SUO 2015 Lynch Syndrome in UTUC: Significance, Screening, and Surveillance - Session Highlights

In today’s second symposium on upper tract urothelial carcinoma, Dr. Morgan Roupret discussed his group’s work on Lynch syndrome, including recommendations for screening and surveillance. Lynch syndrome, also known as Hereditary Non-Polyposis Colon Cancer (HNPCC) is the most common hereditary cause of colorectal cancer, accounting for 7% of such tumors. 

Disease features include young age at diagnosis (median age is 44 vs 65 yo in non-hereditary cases) and autosomal dominant transmission. Upper tract urothelial carcinoma (UTUC) is often a presenting finding, and patients have a 6% lifetime risk of developing disease (22x higher than that of the general population).

Screening is a key issue in identifying patients with UTUC who may have Lynch Syndrome. Amsterdam II criteria includes 3 relatives with HNPCC, of whom one is a first degree relative, 2 successive generations are affected, and one is diagnosed before the age of 50. Review of these criteria has shown a diagnosis rate of only 5% with this screening protocol. Dr. Roupret’s group reviewed a French national database and found that hereditary cases of UTUC were more likely to be female, less associated with smoking history, and were more likely to be low grade cancers in the renal pelvis; OS and CSS were similar between hereditary and sporadic cases. Based on these findings, the group proposed a checklist to identify patients at risk for hereditary disease, which had a 21% success rate in the study (see figure below) (Audenet et al, BJUI 2012).

Despite adequate early diagnosis through effective screening, continued surveillance of these patients is vital as recurrence is common. Archer and colleagues recommended a surveillance schema based on family history. Their work concluded that high risk patients (those with prior personal history of urothelial Ca) should get annual urine cytology, NMP22, and dipstick, along with annual contrast CT and cystoscopy. Depending on the histological variant, more frequent surveillance may be necessary. Further treatment of these patients hinges on adequate family history and attention to other potential disease sites, as well as addressing the need for Surgical Oncology, Gynecology, Dermatology, and Genetics referrals.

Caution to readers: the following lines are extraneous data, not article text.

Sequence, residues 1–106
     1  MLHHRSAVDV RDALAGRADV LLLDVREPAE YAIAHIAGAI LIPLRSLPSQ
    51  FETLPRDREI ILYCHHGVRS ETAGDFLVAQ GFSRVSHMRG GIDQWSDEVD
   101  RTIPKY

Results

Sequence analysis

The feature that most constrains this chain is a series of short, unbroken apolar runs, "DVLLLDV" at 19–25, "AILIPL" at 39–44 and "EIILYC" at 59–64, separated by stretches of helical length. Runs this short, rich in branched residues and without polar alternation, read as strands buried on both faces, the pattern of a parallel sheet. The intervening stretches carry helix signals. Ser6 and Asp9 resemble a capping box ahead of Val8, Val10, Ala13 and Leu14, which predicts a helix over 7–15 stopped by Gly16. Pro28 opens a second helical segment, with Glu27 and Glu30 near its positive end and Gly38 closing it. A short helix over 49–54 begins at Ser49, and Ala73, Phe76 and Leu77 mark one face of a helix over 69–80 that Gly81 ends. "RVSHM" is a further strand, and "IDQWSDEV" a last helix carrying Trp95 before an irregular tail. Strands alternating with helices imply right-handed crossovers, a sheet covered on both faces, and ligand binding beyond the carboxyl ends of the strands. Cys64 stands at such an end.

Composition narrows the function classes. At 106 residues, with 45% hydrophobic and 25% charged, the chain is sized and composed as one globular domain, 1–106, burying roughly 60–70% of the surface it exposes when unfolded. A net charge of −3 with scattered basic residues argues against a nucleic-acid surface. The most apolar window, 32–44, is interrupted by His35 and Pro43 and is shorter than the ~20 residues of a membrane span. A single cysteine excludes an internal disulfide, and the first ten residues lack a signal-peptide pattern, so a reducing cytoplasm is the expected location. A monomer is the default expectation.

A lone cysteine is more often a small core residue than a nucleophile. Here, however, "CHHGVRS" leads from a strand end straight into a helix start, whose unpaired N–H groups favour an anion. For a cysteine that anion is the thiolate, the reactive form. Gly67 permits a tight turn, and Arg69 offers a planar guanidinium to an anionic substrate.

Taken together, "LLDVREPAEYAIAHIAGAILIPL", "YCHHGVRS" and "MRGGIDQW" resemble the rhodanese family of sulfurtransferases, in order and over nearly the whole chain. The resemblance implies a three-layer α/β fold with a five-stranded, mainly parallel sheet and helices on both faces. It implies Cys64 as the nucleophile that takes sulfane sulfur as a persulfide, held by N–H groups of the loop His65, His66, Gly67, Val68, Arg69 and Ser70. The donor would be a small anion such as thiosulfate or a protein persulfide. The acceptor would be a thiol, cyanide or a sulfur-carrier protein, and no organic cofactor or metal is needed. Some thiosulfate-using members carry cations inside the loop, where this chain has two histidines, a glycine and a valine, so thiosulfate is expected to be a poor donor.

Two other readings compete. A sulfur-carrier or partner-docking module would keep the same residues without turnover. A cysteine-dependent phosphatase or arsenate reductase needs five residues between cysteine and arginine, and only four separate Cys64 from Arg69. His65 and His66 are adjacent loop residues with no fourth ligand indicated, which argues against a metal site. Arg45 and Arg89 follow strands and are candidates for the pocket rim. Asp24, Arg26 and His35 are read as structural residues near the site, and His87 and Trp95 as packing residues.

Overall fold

Finally, it is important to identify microsatellite instability, as this can impact chemotherapeutic response.

Presented by:

Dr. Morgan Roupret, MD, PhD

Pitie-Salpetriere Hospital

Reported by:

Dr. Nikhil Waingankar,MD from the 2015 Winter Meeting of the Society of Urologic Oncology (SUO) "Defining Excellence in Urologic Oncology" December 2 - 4 Washington, DC USA

Fox Chase Cancer Center, Philadelphia, PA USA

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